The “neats” approach is characterized by a focus on developing AI systems that are precise, logical, and formally defined. This approach emphasizes the use of formal methods and mathematical models to build AI systems that are transparent and easy to understand.

In contrast, the “scruffies” approach is characterized by a more pragmatic and exploratory approach to AI development. This approach is less concerned with formal methods and is more focused on building AI systems that are flexible and adaptable, even if they are less precise or transparent.

The terms “neats” and “scruffies” may have been coined by AI researcher and philosopher David Chapman in the 1980s, and they continue to be used to describe different approaches to AI research and development. While both approaches have their strengths and weaknesses, it is generally believed that a combination of both “neats” and “scruffies” approaches is necessary for the development of effective and robust AI systems.

Both of these approaches emerged out of the 70s and 80s and had technological success going into the 90s.

Deep blue was the ultimate manifestation of the “neats” approach. Deep Blue was a computer program developed by IBM that was designed to play chess. It is notable for being the first computer program to defeat a world champion chess player in a match, when it defeated Garry Kasparov in 1997.

Deep Blue was a highly specialized system that was built specifically for playing chess. It used advanced artificial intelligence techniques, including brute force search algorithms and advanced evaluation functions, to analyze and evaluate chess positions.

Deep Blue was a major milestone in the development of artificial intelligence, and helped to demonstrate the capabilities of computers to perform complex tasks that had previously been thought to require human-level intelligence. The success of Deep Blue also sparked a renewed interest in the field of computer chess and led to the development of many other chess-playing programs.

In the end, heuristic models suffer from the same problem, as the model gets larger and larger you get an “n over n+1” problem. Where it gets so complex that it becomes very costly to continue. So, there are certain classes of problems that work very neatly with this approach and certain that do not work.

Deep Learning Neural Networks

Deep learning is a subfield of machine learning that is inspired by the structure and function of the brain, specifically the neural networks that make up the brain. A neural network is a type of machine learning model that is made up of layers of interconnected nodes, called “neurons.” These neurons process and transmit information through the network, allowing the model to learn and make decisions based on input data.

Deep learning neural networks are particularly powerful because they can learn and model very complex relationships in data. They do this by using multiple layers of interconnected neurons, which allows them to learn and model patterns and relationships at multiple levels of abstraction. This makes them particularly well-suited for tasks like image and speech recognition, natural language processing, and even playing games.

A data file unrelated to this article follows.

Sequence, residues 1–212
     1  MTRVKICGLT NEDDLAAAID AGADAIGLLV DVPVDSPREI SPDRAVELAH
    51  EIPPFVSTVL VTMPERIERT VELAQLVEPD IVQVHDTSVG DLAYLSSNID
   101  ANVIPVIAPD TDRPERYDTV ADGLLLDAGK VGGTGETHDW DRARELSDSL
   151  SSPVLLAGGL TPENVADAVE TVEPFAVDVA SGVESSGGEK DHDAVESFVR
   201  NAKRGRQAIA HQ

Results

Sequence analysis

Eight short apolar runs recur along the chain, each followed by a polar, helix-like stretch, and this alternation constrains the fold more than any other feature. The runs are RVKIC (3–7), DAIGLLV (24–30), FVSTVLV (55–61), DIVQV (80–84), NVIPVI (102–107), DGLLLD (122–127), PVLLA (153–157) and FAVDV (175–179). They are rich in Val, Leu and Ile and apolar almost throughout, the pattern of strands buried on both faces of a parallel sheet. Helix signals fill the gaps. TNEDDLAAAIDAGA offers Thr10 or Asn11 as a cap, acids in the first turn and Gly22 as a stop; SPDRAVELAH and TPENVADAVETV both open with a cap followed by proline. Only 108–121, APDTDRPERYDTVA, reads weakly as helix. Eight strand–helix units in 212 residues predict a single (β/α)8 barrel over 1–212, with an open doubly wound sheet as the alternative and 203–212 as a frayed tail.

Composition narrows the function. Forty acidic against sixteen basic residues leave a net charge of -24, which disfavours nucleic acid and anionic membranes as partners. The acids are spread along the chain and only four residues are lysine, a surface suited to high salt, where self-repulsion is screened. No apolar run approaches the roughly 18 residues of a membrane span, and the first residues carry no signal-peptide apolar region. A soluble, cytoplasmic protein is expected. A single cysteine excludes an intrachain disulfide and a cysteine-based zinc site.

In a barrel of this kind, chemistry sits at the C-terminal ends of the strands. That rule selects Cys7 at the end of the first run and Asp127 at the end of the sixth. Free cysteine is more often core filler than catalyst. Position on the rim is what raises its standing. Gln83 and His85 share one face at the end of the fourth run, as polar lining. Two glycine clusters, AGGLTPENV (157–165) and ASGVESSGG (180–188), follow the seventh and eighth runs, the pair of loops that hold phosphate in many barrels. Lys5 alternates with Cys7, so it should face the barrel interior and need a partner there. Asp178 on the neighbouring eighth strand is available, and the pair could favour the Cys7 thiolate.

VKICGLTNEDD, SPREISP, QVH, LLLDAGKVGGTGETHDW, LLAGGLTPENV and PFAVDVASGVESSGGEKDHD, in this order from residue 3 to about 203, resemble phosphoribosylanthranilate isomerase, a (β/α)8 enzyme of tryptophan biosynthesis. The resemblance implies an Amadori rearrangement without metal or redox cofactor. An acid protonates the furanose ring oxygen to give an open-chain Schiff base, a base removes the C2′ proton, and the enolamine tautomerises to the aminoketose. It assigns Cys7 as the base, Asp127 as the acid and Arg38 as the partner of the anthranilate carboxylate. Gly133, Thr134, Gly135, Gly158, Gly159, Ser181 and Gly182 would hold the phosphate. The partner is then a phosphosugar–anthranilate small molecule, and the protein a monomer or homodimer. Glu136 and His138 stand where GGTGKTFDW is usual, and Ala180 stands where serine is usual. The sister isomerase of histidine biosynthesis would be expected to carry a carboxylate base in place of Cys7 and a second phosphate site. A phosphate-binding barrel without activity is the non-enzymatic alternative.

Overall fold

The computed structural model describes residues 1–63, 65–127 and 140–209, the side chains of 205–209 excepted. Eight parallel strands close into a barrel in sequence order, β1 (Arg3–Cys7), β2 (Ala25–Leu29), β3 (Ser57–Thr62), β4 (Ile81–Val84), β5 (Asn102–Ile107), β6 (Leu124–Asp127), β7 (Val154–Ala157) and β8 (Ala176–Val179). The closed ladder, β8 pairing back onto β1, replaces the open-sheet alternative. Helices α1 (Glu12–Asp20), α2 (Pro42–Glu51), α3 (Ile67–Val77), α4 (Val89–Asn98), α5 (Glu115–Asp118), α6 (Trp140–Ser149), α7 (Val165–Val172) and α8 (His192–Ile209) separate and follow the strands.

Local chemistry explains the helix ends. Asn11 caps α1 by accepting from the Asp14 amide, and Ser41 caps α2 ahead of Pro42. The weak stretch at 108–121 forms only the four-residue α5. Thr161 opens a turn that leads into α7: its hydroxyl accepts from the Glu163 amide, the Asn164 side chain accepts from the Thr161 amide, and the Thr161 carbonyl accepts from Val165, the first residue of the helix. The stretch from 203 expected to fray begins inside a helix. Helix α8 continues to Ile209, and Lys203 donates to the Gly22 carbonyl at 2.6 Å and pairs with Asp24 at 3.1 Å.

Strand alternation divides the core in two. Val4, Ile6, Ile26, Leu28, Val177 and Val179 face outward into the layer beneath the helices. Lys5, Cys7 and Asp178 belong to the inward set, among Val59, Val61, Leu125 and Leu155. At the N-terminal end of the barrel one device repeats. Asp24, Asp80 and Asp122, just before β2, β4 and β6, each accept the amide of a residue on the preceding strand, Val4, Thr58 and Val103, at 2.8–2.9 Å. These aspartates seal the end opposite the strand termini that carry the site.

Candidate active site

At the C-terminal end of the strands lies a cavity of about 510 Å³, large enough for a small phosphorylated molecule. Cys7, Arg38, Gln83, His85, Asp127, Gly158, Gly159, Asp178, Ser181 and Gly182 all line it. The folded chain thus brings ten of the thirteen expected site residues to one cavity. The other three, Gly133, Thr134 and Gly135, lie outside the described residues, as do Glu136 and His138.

There are many types of deep learning neural networks, including convolutional neural networks (CNNs), recurrent neural networks (RNNs), and long short-term memory (LSTM) networks, among others. Each of these architectures is designed to tackle specific types of problems and is optimized for certain types of input data.

Jeffry Hinton got his PhD in Artificial Intelligence in the 70s and contributed to the success of deep learning models. Though initially, there were computational limitations.

Jeffrey Hinton is a computer scientist and researcher who has made significant contributions to the field of deep learning, a subfield of machine learning that is inspired by the structure and function of the brain.

Hinton's work has had a major impact on the field of artificial intelligence, and has helped to drive the rapid progress that has been made recently in areas like image and speech recognition, natural language processing, and machine translation. He has received numerous awards and honors for his contributions to the field, including the Turing Award, which is widely considered the “Nobel Prize” of computer science.

Hinton is best known for his work on artificial neural networks, which are the building blocks of deep learning systems. In 1986, he developed the backpropagation algorithm, which is a widely used method for training neural networks. He also developed the concept of deep learning and introduced the idea of using deep neural networks for visual object recognition.

Backpropagation is a method for adjusting the neurons in the learning process. It would allow us much more sophisticated models. Many more neurons, many deeper layers. Back in the 1980s ten layer deep networks could be done, but it would take so long nobody will care anymore and so it went back on the shelf again until the 2010s. And it was students of Hinton's that were dusting off his old papers and reviewing these models that said we got a lot more compute now, why don't we try this complex adversarial network approach, but they needed a problem.

And they found it in a thing called ImageNet. It was developed by researchers at Stanford University in the mid-2000s.

The ImageNet dataset consists of more than 14 million images, drawn from more than 20,000 different classes, including animals, objects, and scenes. Each image is labeled with one or more class labels, and the dataset is divided into a training set, a validation set, and a test set.

Heuristic Image Recognition models were getting into the 70% correct range after a few years of development. And Hinton's students taking an adversarial network approach ran through the data and entered the challenge in 2012 and got 85% first try. And then the next year got 99%. This technology kept spreading and affected all of us ever since.